half square triangle quilting blocks

Sewing skills project 12: My First Quilt

Chambray and linen quilt
My half-square triangle quilt, featuring chambray and linen-cotton blend fabrics

Technically, this was my second quilt, but the first one was fifteen years ago and I didn’t know what the heck I was doing at the time, so…this is my first proper quilt.


My First Quilt (lap size) from School of Sewing by Shea Henderson

Project features:

  • matching seams
  • pieced half-square triangles
  • machine quilting
  • hand-sewn binding

Process notes


  • Robert Kaufman Kona Cotton in Charcoal
  • Robert Kaufman Kona Cotton in White
  • Robert Kaufman Kona Cotton in Ash
  • Robert Kaufman Kona Cotton in Spice
  • Robert Kaufman Essex Yarn Dyed Linen Blend in Black
  • Robert Kaufman Chambray Union in Indigo
  • Robert Kaufman Essex Wide Linen Blend in Flax
  • Gütermann 50 Wt Natural Cotton thread, color 3260 for piecing
  • Gütermann 50 Wt Natural Cotton thread, color 6210 for binding
  • Coats Machine Quilting & Crafts 30 Wt Mercerized ELS Cotton thread, color 155 Dogwood for quilting

Equipment and settings:

  • for piecing, used foot pressure of 2, J foot, tension 4, 5.5/2.0 with stitch 21 (except for the linen-to-linen blocks used pressure 1)
  • for quilting, used walking foot, 3.5/3, aligned seam line with edge of foot

Day 1: cut block pieces (120 squares); piece together the back (cut the length of fabric in half, resulting in two pieces each 2 yd x WOF; stitched 5/8″ from selvedge edge, then trimmed edges to 1/2″ before pressing open)

120 fabric squares ready to sew into blocks
120 fabric squares, ready to sew into blocks

Day 2: join binding pieces and press in half; pin blocks and mark for triangles

Day 3: sew seams on blocks to form triangles (used 1 bobbin + one and a half 100-m spools of thread)

Day 4: set block seams; slice each block in half diagonally

Day 5: press seams open (120 blocks)

120 half square triangle quilting blocks
120 half square triangle quilting blocks, seams pressed open and ready to trim to size

Day 6: trim blocks to 6 1/2 x 6 1/2; arrange blocks; sew first 5 rows

quilt blocks arranged for construction
quilt blocks arranged for construction

Day 7: finish sewing rows; set seams for 8 of the rows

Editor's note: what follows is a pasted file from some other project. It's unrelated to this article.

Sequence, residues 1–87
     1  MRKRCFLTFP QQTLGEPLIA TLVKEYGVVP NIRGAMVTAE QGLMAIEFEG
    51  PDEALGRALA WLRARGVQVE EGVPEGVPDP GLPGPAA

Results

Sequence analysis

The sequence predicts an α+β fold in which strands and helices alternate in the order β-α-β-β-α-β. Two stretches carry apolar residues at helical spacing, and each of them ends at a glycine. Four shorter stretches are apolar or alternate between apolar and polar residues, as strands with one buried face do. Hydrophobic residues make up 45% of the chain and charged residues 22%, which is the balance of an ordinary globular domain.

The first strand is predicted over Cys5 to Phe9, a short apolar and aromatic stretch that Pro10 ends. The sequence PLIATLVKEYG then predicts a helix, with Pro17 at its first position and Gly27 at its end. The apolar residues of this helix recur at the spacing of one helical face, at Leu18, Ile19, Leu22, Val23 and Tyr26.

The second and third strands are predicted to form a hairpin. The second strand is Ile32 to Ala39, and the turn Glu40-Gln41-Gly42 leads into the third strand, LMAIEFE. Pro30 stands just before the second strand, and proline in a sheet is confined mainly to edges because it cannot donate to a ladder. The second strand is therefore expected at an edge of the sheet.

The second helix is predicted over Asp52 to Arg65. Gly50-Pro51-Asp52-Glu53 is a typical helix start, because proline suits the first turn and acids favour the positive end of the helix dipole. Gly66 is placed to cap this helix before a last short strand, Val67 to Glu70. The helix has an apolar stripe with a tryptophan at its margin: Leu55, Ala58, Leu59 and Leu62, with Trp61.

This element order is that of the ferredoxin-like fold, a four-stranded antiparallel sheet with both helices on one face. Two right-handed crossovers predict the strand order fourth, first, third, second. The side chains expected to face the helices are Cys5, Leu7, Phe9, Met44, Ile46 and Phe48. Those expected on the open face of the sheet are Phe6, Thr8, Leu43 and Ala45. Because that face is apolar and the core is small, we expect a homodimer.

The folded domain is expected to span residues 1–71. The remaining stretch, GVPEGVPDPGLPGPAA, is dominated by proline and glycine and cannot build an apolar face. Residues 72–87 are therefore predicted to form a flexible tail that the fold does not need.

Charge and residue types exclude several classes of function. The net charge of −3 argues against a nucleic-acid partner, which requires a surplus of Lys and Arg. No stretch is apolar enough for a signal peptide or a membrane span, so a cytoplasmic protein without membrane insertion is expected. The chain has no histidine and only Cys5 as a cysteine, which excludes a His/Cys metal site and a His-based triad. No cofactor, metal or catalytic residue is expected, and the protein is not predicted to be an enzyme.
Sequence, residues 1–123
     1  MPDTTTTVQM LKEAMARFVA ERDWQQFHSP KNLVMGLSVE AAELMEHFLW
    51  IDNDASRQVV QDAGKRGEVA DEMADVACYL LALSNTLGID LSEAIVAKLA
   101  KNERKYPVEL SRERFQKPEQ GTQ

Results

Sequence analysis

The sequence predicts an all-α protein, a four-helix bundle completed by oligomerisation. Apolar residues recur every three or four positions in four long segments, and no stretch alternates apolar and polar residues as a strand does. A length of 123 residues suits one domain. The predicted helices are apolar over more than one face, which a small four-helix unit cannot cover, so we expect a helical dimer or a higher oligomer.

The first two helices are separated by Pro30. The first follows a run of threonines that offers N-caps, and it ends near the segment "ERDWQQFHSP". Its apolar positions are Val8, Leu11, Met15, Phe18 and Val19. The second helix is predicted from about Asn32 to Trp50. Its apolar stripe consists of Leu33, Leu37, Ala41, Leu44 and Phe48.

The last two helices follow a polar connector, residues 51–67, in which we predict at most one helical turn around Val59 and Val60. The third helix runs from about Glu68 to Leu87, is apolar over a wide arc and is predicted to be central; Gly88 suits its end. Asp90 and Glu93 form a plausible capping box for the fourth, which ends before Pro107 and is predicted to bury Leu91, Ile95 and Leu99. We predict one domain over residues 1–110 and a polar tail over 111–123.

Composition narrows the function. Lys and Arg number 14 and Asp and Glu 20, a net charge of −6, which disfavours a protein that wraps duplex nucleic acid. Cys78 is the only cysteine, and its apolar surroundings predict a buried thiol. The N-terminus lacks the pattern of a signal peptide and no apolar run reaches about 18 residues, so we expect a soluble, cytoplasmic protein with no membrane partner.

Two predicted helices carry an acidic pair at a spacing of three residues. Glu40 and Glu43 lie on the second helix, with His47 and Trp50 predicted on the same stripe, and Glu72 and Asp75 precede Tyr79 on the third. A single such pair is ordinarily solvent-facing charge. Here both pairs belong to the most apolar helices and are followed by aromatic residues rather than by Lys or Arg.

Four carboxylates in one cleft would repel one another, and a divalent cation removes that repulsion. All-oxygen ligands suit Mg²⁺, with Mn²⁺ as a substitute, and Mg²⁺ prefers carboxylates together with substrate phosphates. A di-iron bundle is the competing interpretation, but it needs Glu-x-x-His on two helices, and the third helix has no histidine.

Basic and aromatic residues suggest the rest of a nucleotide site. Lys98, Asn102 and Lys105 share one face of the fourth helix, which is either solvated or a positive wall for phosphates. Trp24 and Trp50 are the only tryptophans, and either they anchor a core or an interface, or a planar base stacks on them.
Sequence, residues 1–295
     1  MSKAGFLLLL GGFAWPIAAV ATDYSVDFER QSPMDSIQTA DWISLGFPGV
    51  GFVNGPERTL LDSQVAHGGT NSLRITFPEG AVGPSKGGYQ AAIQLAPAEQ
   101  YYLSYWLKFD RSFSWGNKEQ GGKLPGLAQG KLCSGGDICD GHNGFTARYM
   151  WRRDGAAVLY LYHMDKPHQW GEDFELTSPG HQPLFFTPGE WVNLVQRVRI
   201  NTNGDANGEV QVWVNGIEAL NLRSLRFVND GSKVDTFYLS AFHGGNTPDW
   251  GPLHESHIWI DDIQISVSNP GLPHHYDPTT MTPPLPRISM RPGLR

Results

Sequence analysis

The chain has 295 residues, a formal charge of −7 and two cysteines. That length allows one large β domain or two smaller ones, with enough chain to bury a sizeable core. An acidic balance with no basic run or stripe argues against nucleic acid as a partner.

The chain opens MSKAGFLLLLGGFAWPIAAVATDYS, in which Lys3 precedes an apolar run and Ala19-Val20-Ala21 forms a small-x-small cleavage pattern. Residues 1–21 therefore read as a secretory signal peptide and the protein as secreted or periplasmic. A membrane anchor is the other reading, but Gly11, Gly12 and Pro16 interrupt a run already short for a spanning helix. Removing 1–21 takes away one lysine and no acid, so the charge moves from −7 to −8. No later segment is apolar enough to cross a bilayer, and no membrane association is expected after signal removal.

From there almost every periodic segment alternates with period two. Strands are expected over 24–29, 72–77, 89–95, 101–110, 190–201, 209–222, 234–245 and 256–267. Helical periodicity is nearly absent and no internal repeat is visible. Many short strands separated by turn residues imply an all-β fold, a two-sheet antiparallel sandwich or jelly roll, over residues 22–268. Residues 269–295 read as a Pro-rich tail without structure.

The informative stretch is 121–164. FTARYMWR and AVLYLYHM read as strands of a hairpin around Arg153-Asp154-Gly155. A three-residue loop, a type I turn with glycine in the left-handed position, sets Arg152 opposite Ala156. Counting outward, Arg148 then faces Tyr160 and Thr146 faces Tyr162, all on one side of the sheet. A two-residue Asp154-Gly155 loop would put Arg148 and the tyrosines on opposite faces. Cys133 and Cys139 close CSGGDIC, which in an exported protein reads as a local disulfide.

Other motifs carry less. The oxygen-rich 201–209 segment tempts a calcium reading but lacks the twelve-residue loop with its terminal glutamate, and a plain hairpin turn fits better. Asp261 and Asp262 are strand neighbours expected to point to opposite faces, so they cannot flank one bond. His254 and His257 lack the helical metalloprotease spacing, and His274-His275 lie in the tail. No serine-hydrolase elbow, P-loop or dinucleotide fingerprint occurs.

Day 8: set rest of seams; start sewing rows together

Day 9: finish sewing rows; press row seams flat

completed quilt top
completed quilt top, ready for pin basting

Day 10: pin basting the top to the batting and backing

pin-basted quilt top
pin-basted quilt top

Day 11: quilt first half of the lines

Day 12: quilt second half of lines; trim edges; apply binding by machine; prep for hand stitching

Day 13: begin hand stitching binding

Day 14: complete hand stitching of binding


Wow, this was a big project. Every time I started to feel close to being done, it turned out there was a lot more to do. And it wasn’t even a bed-sized quilt! It was such a great experience though, learning new things and bonding with my sewing machine.

My first challenge was cutting. Actually, my first challenge was choosing fabrics. My second challenge was cutting. It was hard for me to cut multiple layers of fabric and stay on grain. More accurately, I didn’t stay on grain. That’s something I’ll definitely need to watch more carefully, especially for garment sewing.

I’m so grateful the author instructed us to cut the blocks a bit larger and trim them down after the half-square triangles were pieced. They tended to be misshapen just enough that finishing without that trim would have likely put things askew.

When sewing the rows together I discovered that some Solvy stabilizer on the underside helps the fabric go over the feed dogs smoothly and prevents the trickier intersections from bunching up, getting sewn down wrong. This occurred to me only after 10 rows of ripping out a few corners on each row and re-sewing.

If I could change one thing about my project it would be the quilting stitches. I wouldn’t buy the 1200-yd spools of 30-wt thread for this machine again. There were just too many tension issues, and my quilting stitches aren’t as even as I’d like. The 50-wt worked much better. For me, sewing row after row during the quilting stage was rather tedious, with the size of the quilt unwieldy for my machine.

The hand stitching went very well and by the end I really felt like I had gotten into the rhythm of the stitch. Doing a quilt like this, with so much hand stitching, made me less likely to avoid it on future projects because now I know it’s not insurmountable.

I’m delighted with how my quilt turned out. I love the way the colors and fabrics work together — it looks crisp and polished, yet casual because of the chambray (which I’m addicted to) and dark grey backing. It has an appealing nautical feel to it. I’m not certain if there’s another quilt in my future, but I’m very glad to have made this one, and that my goal of sewing all of the projects in the book is completed.

Half square triangle quilt with chambray and linen blend fabrics

Pieced placemat detail

Sewing skills project 11: Set the Table Placemats

plain quilted placemat backs
After washing and drying, the placemats have a crinkly, casual texture
Back of pieced and quilted placemat
The pieced design, after washing


Set the Table Placemats from School of Sewing by Shea Henderson

Project features:

  • machine quilting
  • hand sewn binding
  • pin basting
  • batting

Process notes

I made two placemats following the regular instructions, and two with the Extra Credit piecing method.


  • Robert Kaufman Kona Cotton in Stone
  • Robert Kaufman Kona Cotton in Charcoal
  • Robert Kaufman Kona Cotton in Honey